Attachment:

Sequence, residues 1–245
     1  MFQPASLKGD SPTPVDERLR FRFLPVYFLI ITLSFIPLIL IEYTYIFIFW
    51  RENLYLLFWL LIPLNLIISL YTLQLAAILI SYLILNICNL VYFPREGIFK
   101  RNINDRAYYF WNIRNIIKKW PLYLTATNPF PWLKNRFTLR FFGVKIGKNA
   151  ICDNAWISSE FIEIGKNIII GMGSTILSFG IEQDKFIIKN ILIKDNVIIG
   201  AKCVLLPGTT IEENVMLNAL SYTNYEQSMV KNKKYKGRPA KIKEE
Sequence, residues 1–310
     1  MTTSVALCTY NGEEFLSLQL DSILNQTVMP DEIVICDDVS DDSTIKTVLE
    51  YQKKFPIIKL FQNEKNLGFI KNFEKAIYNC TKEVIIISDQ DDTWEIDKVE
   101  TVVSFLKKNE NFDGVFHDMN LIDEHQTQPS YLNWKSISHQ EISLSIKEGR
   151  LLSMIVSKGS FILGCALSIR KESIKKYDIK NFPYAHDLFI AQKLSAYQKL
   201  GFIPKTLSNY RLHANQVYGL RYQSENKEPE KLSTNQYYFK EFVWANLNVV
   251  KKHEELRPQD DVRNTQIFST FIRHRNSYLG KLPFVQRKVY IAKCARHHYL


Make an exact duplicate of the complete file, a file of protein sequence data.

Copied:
Sequence, residues 1–245
     1  MFQPASLKGD SPTPVDERLR FRFLPVYFLI ITLSFIPLIL IEYTYIFIFW
    51  RENLYLLFWL LIPLNLIISL YTLQLAAILI SYLILNICNL VYFPREGIFK
   101  RNINDRAYYF WNIRNIIKKW PLYLTATNPF PWLKNRFTLR FFGVKIGKNA
   151  ICDNAWISSE FIEIGKNIII GMGSTILSFG IEQDKFIIKN ILIKDNVIIG
   201  AKCVLLPGTT IEENVMLNAL SYTNYEQSMV KNKKYKGRPA KIKEE
Sequence, residues 1–310
     1  MTTSVALCTY NGEEFLSLQL DSILNQTVMP DEIVICDDVS DDSTIKTVLE
    51  YQKKFPIIKL FQNEKNLGFI KNFEKAIYNC TKEVIIISDQ DDTWEIDKVE
   101  TVVSFLKKNE NFDGVFHDMN LIDEHQTQPS YLNWKSISHQ EISLSIKEGR
   151  LLSMIVSKGS FILGCALSIR KESIKKYDIK NFPYAHDLFI AQKLSAYQKL
   201  GFIPKTLSNY RLHANQVYGL RYQSENKEPE KLSTNQYYFK EFVWANLNVV
   251  KKHEELRPQD DVRNTQIFST FIRHRNSYLG KLPFVQRKVY IAKCARHHYL